This exhibition celebrates the life and work of the late, self-taught ceramic artist, Robert Rapson, best known for his wonderfully wonky yet uncannily accurate sculptures of boats. Against The Tide reflects both Rapson’s passion for ships and his position outside the artistic status quo, and his clever and quirky way of looking at the world.
Wanda Gillespie is an Auckland-based artist working with wood to create bespoke abaci. Her contemporary interpretations of this ancient counting instrument explore and expand upon the creation of value, systems of measurement, and encounters between material and mystical worlds.
Otherwise-image-worlds brings together five newly commissioned artworks from artists working in animation. Working against the commercial demand for spectacle and efficiency, Danielle Brathwaite-Shirley, Juliet Carpenter, Tanu Gago, Ary Jansen and Sorawit Songsataya, all expand and reconfigure the conventions of image-making, asking what modes of interaction, imagination, attention, and refusal animation can cultivate.
MOTUTAPU is the conclusion of a four-year journey by artist Benjamin Work and photographer Brendan Kitto. This exhibition looks at the shared history of Motutapu (sacred island) throughout Moana Oceania as places of sanctuary, reconnection and reconciliation.
Matariki Ring of Fire follows Emily Karaka’s 2021 McCahon House residency. The exhibition centres on the festival of Matariki, which is being marked by a public holiday for the first time in 2022, the Matariki star cluster, and the fourteen Tūpuna Maunga of the Tāmaki Makaurau region.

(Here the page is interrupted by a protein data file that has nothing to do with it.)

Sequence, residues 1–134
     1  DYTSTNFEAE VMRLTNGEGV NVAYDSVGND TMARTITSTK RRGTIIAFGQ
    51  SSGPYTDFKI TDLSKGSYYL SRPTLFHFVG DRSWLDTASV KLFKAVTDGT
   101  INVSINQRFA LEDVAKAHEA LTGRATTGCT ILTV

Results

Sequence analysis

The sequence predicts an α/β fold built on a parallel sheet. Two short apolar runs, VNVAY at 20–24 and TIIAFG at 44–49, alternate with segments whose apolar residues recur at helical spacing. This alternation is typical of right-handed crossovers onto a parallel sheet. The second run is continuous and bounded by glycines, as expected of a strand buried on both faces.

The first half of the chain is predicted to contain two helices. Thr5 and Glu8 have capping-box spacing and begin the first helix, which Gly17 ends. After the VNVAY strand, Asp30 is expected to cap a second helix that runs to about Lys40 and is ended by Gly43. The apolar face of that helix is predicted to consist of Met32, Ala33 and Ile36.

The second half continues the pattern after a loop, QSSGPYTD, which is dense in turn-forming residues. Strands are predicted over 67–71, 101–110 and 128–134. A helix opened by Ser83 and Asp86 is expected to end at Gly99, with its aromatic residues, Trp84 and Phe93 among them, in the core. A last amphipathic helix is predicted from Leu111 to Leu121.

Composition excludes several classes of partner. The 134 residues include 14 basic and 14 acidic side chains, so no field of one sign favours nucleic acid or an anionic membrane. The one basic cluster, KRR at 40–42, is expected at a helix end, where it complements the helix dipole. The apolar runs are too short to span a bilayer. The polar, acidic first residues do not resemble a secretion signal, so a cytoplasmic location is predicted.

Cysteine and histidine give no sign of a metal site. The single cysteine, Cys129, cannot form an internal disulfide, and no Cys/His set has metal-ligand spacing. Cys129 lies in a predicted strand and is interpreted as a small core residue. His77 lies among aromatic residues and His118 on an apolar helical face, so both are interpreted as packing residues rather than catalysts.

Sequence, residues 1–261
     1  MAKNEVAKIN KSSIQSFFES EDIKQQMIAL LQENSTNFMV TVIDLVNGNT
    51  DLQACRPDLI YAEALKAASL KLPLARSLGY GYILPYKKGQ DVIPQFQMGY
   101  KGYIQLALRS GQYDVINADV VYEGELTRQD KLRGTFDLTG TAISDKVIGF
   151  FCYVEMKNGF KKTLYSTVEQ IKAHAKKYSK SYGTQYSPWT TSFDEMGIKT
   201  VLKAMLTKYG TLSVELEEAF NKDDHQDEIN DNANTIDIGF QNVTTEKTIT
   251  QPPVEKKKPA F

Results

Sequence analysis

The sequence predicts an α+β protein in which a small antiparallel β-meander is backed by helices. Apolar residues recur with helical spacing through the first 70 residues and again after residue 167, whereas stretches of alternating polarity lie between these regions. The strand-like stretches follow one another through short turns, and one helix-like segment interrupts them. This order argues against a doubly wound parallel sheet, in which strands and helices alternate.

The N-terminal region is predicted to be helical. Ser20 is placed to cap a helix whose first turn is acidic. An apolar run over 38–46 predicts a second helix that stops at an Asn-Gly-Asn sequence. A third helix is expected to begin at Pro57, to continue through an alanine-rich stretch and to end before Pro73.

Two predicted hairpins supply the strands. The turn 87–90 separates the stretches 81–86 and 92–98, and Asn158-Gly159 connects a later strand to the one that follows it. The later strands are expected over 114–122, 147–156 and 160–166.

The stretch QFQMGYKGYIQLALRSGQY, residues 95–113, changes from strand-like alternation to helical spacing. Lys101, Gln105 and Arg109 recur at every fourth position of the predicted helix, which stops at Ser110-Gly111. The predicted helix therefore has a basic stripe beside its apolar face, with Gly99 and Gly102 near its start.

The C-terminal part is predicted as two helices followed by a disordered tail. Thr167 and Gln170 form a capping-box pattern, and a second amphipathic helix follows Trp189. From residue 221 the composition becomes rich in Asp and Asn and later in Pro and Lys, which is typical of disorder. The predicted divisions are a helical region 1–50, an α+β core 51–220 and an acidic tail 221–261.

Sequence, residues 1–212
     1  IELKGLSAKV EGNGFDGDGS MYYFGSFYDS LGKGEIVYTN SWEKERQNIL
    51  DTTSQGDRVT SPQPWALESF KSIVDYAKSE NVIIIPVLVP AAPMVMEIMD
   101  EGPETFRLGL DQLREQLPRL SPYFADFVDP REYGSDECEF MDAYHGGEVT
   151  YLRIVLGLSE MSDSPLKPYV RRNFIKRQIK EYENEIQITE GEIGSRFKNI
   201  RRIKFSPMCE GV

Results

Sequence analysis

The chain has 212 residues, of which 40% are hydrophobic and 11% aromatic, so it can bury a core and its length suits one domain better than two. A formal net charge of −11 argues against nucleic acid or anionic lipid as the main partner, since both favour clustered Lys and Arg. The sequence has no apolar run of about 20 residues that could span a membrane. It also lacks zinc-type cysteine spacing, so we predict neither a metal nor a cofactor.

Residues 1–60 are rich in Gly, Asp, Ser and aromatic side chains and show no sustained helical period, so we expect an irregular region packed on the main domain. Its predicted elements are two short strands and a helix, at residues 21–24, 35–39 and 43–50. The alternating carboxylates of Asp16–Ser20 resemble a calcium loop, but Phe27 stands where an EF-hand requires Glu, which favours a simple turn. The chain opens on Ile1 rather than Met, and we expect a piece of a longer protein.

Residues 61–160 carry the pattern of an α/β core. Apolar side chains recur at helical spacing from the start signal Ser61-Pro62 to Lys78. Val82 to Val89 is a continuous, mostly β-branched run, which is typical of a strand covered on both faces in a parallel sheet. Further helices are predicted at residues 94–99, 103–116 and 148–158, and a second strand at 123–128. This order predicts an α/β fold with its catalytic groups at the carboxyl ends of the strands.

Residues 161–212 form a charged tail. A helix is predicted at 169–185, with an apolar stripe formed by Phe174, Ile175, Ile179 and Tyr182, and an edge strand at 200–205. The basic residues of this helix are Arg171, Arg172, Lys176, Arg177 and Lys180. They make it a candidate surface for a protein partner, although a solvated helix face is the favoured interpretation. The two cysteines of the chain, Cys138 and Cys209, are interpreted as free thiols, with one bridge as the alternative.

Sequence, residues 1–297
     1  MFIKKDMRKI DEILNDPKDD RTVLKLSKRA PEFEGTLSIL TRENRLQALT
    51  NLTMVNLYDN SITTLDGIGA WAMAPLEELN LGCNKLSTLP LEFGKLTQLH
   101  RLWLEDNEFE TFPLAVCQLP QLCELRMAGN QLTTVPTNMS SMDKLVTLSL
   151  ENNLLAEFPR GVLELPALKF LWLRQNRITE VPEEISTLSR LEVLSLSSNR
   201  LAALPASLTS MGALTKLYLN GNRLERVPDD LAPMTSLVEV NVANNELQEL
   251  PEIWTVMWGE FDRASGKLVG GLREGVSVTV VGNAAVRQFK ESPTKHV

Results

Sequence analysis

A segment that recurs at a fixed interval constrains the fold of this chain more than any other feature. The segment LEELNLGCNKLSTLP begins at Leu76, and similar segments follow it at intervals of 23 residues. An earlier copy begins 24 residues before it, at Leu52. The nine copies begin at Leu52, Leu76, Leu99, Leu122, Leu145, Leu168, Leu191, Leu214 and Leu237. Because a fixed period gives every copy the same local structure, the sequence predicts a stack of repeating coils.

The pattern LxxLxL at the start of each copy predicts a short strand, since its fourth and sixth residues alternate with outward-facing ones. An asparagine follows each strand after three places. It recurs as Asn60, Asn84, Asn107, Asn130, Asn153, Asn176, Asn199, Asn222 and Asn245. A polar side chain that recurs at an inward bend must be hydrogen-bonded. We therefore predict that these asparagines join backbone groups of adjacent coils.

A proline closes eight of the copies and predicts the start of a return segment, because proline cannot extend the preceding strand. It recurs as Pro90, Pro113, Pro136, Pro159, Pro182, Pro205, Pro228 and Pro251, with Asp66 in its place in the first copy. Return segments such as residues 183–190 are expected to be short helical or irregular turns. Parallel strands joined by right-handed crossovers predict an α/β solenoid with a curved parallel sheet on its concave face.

This exhibition features work created by students from two local schools as part of a collaborative research project in partnership with the University of Auckland | Waipapa Taumata Rau. Combining science, mātauranga Māori and the arts, students explore ways to contribute to ngahere ora as kaitiaki in response to kauri dieback and myrtle rust.
Malaloi—presented in Te Uru's window space—speaks directly to the urban environment, comprising a scaffold structure upon which concrete-dipped garments sourced from Koloi's family and the wider Pacific community are hung. It addresses to the separation of people from the land, the effects of industrialisation and capitalism within Pacific communities, and the shared responsibility of humanity, past, present and future, to tread lightly.
This mid-career retrospective brings together garments created by designer and fashion activist Jeanine Clarkin. Spanning her thirty-year career, the exhibition explores Clarkin’s early influences, significant milestones, and enduring passion for sustainability, with her Māori identity a common thread through it all.